It’s a pain having elearnspace at the top of my bloglines subscription stuff (don’t know why… just seems to have gotten there) as I’m only one blog into 147 education focussed posts and I already have two things I wanna read / have a look at: Google Desktop Search & Tracing the Evolution of Social Software. Dammit :o)
This is probably just me but the thing I’ve probably dragged to my taskbar the most times to have then never used is the ‘blog it’ button, as demonstrated in one of it’s many forms by Charlie at Cyberdash.
Perhaps it’s because all of my links seem to come through RSS (when I have my blogging stuff up and running), perhaps it’s because I’m a fool :o)… who knows?
Thanks to Mira who suggested CDex for ripping the .mp3 from the Audacity .wav :o)
So here’s a test .mp3 file, me testing podcasting and talking about a possible use [link removed for anonymity purposes].
And just for luck I’ll try and see if we get some auto enclosure tags too:
Might have worked… still can’t get Doppler working and have to go home, am I on the right track?
Am trying to podcast, desperately trying!
I get the principle: you record .mp3 file, blog it and then other people can aggregate it.
…Audacity has, for some unknown-to-me reason stopped being able to export .mp3s. I’ve tried everything but it just ‘aint a go :o( [does anyone know any other decent open source .mp3 recorders / encoders]
…Once I have my .mp3 and have uploaded it to the web, how the heck do I make it into an ‘enclosure’ for RSS2.0? Do I just pop in a link and it does it for me or do I need tags?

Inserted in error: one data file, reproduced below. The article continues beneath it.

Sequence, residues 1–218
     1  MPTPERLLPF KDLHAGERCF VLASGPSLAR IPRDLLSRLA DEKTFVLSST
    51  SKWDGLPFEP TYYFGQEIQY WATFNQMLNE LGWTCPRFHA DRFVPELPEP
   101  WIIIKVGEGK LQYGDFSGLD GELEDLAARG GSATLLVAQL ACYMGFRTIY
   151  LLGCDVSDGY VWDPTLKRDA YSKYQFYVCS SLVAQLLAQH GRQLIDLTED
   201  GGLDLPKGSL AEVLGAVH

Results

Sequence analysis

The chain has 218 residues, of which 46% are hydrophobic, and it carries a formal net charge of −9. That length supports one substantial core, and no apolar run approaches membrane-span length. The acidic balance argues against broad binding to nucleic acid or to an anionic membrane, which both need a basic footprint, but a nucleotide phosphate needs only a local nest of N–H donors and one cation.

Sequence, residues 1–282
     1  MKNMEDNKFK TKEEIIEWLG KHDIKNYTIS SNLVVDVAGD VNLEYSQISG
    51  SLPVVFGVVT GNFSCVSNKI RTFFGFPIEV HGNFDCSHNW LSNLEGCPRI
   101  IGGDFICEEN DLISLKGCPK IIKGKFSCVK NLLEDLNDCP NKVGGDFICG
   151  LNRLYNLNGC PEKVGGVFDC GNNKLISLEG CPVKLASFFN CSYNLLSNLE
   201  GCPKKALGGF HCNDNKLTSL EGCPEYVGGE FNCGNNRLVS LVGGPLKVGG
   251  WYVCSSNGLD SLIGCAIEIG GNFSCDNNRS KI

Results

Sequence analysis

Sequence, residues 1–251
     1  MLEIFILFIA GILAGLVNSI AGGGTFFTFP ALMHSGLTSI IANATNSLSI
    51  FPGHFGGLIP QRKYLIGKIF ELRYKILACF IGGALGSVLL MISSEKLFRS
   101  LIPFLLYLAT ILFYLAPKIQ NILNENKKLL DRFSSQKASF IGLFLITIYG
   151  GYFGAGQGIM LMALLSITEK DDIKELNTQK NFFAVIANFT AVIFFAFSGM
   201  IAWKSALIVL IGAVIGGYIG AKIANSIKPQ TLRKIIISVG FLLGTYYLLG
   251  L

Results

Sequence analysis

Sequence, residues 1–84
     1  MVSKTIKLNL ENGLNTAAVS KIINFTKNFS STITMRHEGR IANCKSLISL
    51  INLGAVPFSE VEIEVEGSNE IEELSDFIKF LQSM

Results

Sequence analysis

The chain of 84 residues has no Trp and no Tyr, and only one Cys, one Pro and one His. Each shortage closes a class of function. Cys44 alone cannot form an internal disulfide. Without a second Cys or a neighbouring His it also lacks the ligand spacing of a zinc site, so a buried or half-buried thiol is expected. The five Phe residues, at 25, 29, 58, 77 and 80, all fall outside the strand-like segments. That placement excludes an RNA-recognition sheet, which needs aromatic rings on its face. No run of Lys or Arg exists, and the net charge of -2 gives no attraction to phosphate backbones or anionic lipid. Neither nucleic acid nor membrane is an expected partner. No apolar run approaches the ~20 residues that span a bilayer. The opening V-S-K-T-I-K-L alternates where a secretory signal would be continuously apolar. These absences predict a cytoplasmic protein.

…I’m trying with Doppler as an aggregator but it doesn’t seem to download anything, ipodder doesn’t seem to work :o(
So, am trying, trying, trying. It’s not that I want to broadcast anything myself, but you can imagine the potential of this for lectures & ‘fireside chats’ (as I’m working on with a Law academic) as students just leave their ipods or whatever’s hooked up to the net, pop out in the car, to the gym or wherever and their lectures are all there ready for them… pretty cool no?
But then I have been kinda wrong about the potential level of interest in audio before ;o)
And BTW I think someone should mention Ed Radio to all those shouting about the uniqueness of combining RSS and audio!!!
[I would’ve posted this as a comment to Michael’s piece if the comment login procedures didn’t make me groan so ;o)]
Interesting view on Robodemo over at e-Literate, apparently it’s absolutely pants when it comes to interactivity which doesn’t surprise me as when we’ve tried to do ‘fancy’ things such as mouse movements, scrolling, full motion etc. it’s been rubbish at them too.
The one thing it does do well is make it very easy to put audio to a series of screen shots to simply create a ‘show ‘n tell’ type thing (and thankfully that’s what we’re using it for) but I’d agree with Michael that I’m waiting and hoping for Captivate to fix a lot of things and pop in some new stuff that works well!
One of my theories as to why this hasn’t got the greatest, say, PowerPoint rendition is that Breeze does that so well that Macromedia may not want to shift the attention away from the real $ spinner… could well be wrong there though.